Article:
• […] As they include very technical details, public health nurses can acquire various insights by referring to the manuals […] (phn5).

  • […] Not many genetics-related questions are asked on a daily basis. Therefore, it would be very useful to have a collection of case studies with examples on how similar cases were handled and resolved” (phn6) as based on the above, the subcategory was [Genetic knowledge is not frequently used in the workplace].

  • […] Given the wide scope and challenging nature of the study, it would be ideal to establish a place that offers genetic knowledge” (phn3).

  • […] A place is needed where public health nurses, regardless of their years of experience, can access genetics information on a regular basis and ask highly technical questions” (phn6). In other words, there is a [Need for mentoring where one could ask questions when confronted with actual challenging situations].

Discussion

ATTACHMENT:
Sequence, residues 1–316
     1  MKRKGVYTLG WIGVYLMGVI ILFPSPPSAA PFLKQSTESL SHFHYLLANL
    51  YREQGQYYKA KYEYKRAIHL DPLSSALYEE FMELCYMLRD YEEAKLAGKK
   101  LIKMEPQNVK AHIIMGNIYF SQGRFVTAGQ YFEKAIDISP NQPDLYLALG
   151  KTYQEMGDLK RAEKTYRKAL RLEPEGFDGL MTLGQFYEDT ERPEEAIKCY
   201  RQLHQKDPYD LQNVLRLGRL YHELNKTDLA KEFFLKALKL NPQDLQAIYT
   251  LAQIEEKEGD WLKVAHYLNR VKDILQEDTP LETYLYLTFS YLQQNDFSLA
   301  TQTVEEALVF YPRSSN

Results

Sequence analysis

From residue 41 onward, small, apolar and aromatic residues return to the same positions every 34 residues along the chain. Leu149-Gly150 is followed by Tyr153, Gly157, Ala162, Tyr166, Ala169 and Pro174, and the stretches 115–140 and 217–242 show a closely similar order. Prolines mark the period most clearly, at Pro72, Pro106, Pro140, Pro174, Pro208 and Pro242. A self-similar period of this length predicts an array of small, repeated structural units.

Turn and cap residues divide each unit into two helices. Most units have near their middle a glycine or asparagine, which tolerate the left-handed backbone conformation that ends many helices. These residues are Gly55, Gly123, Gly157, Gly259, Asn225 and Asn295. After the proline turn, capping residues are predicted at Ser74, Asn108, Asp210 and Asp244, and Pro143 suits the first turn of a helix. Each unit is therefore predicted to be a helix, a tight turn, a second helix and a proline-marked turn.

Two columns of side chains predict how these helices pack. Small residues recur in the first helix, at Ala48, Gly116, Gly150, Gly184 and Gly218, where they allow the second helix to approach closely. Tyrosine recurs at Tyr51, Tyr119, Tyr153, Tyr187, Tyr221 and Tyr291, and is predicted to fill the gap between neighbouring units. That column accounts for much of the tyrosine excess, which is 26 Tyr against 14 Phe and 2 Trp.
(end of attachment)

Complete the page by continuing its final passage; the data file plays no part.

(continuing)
The study intended to elucidate how the local municipality affiliated public health nurses perceive the relationship between genetics and professional duties, and to explore the related challenges and opportunities. The study findings revealed that public health nurses encountered difficulties in recognizing genetic issues while providing their professional services. They mentioned that they needed to pursue specialized education and mentoring to handle their clients properly in some cases. During health consultations, public health nurses were more concerned about how to connect patients with supporting services than focusing on the causes of the diseases. Public health nurses may not have been thinking about the causes of the diseases (Subcategory I-1) since the causes and treatments are often managed by hospital staffs. Public health nurses mainly provide lifestyle-related supports to patients. Moreover, public health nurses expressed that they were not conscious of genetic issues when performing their regular duties (Subcategory I-2). This could be attributed to the following two reasons. First, public health nurses are involved with patients through services that provide lifestyle support for recovery. Second, public health nurses provide individualized support depending on the severity and type of genetic disease. Genetic diseases, which require more individualized support, may not focus during public health activities that characteristically possess a population approach. Considering the different duties of public health nurses, it became apparent that they are faced with situations that make it harder for them to be aware of genetic issues while performing their duties (Category I).